In an emergency measure to address the third wave of the COVID-19 pandemic, Ontario, Canada went into “shutdown” on April 3. As a practical matter, this did not have a particularly big impact on Toronto, Ontario’s capital, which has been in one form or another of strict lockdown—by North American standards—since last fall. But it did cast doubt on whether the government’s approach to stopping the virus’s spread has been working; after all, pandemic preparedness was generally woeful in countries around the globe. All indoor, and many outdoor, non-essential activities have been shuttered or severely curtailed for months, yet people in the Toronto area keep getting sick and dying from the coronavirus at alarming rates. Is this a case that simply shows the challenge of a pandemic virus in a country without enough vaccines for what it is, or could it show what public policy might look like in the future?

For Zain Chagla, public health strategy in the Toronto area, effective in some respects, has ignored the dire situation in the low-income communities where many essential workers come from. The idea that the virus would go away if everyone would just stay home ignores those whose jobs don’t allow them to stay home. And evidence bears this out: Chagla, an infectious diseases physician at St. Joseph’s in Hamilton, and an associate professor at McMaster University, is one of the authors of a new paper showing that the more dangerous new variants of COVID-19 are more prevalent in these communities—building on earlier findings that showed the “disproportionate” impact of the virus on essential workers.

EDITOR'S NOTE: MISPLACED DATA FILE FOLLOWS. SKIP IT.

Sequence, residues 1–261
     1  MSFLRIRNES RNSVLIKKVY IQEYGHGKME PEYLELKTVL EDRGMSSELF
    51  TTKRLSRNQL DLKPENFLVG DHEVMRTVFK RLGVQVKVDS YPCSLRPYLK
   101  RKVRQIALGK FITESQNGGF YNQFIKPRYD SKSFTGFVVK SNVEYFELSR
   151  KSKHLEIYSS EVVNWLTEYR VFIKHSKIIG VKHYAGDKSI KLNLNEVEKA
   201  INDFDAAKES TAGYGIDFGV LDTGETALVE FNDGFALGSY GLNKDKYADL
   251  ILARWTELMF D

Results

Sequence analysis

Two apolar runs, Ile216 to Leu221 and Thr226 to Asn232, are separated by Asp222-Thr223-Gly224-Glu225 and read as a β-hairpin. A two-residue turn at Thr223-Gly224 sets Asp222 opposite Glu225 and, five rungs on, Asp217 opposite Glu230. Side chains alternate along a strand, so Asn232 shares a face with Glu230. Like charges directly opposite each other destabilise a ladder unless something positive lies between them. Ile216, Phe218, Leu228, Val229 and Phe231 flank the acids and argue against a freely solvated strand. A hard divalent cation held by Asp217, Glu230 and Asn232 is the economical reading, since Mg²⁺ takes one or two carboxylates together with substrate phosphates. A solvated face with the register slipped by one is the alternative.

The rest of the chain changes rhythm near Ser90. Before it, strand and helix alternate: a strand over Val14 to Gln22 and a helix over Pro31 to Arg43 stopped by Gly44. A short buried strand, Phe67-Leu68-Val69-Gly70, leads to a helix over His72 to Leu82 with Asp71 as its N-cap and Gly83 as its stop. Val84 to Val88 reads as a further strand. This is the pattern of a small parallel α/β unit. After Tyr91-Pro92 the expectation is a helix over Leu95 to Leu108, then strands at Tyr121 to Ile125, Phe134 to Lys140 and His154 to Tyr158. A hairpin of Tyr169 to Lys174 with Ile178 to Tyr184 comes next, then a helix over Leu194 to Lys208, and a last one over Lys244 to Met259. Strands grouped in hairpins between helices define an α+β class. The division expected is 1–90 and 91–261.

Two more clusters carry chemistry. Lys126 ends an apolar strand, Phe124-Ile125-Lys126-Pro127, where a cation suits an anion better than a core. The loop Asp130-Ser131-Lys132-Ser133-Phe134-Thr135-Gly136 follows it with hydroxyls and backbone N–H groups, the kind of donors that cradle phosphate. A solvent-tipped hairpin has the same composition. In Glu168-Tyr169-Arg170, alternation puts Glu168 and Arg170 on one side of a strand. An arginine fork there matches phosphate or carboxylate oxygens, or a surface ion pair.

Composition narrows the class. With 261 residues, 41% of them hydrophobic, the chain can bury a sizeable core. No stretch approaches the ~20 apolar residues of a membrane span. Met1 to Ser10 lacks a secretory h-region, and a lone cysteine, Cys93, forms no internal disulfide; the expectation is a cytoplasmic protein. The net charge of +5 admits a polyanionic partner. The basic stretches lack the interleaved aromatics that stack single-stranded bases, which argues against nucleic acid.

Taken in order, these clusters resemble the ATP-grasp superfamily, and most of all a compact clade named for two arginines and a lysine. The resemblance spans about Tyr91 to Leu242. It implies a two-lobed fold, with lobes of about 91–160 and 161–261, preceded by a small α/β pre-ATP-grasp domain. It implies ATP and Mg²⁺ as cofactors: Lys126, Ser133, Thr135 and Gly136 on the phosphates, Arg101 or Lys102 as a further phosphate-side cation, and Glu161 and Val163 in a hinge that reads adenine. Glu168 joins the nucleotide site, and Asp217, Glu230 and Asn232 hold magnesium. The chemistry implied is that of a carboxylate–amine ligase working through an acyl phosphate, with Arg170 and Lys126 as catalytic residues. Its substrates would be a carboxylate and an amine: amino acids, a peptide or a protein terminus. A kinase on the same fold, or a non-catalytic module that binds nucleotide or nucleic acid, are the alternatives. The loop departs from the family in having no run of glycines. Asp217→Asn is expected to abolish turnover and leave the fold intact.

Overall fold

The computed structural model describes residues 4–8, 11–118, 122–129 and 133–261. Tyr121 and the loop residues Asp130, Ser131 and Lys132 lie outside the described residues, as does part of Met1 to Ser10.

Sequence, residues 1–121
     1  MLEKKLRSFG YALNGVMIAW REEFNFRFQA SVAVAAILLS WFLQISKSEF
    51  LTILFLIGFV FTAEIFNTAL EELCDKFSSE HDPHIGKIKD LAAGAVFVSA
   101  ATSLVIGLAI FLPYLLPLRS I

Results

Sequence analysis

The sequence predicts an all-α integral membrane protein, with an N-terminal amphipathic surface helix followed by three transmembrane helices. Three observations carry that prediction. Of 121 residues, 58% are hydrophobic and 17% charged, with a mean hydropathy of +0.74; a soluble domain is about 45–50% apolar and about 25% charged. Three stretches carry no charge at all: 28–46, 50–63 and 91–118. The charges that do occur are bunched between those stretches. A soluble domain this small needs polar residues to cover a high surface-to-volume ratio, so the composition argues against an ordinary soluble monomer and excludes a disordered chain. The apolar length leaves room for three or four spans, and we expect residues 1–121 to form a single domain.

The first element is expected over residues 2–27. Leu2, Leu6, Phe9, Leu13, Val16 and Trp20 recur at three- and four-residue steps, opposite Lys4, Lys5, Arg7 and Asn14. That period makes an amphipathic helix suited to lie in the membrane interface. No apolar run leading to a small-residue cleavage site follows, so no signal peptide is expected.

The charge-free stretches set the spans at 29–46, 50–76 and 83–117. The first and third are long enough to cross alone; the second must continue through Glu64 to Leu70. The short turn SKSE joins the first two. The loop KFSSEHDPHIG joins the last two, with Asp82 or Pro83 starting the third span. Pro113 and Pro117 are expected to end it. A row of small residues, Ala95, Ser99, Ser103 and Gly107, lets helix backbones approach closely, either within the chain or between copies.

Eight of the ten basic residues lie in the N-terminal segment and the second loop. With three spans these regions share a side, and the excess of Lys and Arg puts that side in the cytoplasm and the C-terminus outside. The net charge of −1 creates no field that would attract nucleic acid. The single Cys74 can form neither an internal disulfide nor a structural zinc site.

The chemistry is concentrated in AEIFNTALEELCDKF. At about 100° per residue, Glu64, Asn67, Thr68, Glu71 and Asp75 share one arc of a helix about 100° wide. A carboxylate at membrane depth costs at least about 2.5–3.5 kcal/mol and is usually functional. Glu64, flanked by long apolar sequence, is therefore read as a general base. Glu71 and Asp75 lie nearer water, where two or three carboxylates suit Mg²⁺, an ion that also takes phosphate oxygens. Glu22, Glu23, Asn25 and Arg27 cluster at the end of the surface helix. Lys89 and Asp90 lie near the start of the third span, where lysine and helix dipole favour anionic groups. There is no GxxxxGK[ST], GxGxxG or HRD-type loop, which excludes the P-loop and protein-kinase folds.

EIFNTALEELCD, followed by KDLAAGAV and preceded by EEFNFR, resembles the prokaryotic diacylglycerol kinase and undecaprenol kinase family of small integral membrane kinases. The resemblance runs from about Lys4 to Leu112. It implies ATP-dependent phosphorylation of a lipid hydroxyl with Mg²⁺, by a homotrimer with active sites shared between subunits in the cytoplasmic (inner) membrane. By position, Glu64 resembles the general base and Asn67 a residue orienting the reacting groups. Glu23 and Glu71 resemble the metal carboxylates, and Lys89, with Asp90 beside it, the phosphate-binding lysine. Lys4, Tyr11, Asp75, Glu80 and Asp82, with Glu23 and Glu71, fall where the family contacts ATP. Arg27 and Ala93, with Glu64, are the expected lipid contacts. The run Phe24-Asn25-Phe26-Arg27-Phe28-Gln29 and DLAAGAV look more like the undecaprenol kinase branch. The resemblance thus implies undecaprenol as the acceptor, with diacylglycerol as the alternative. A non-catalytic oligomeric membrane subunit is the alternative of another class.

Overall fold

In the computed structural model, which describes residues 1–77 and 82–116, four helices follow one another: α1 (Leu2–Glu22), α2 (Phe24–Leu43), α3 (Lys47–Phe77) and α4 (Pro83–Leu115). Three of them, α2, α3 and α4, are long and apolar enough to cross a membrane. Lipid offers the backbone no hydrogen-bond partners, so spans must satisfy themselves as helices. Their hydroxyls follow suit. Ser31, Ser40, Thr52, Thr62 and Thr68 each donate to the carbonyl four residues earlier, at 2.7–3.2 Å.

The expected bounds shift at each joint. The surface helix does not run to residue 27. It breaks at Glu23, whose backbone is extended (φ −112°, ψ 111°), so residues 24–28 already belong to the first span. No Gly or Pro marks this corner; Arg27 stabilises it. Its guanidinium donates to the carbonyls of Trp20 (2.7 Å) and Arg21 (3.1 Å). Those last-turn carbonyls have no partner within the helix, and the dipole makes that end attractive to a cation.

Phoebe Maltz Bovy: Here in Toronto, where we’re speaking, COVID-19 cases continue to rise despite the city having been in lockdown since November. But there’s not much general understanding of why this is happening. Public conversations seem stuck where they were a year ago, with photos of people socializing in parks still generating controversies on social media, and so on. How are the realities of the pandemic different from popular assumptions?

Zain Chagla: One thing we realized quickly [working in the hospital] was that the patients weren’t the big source of transmission. Staff were. All of us have anecdotal stories of the guys that had the barbecue together, or watched the game together, and all of them got COVID. But in all of this, there was a current of people put in places where they got COVID: workplaces, crowded shelters, jails—places, again, when they had no choice; where when they came in, it was going to hit them.

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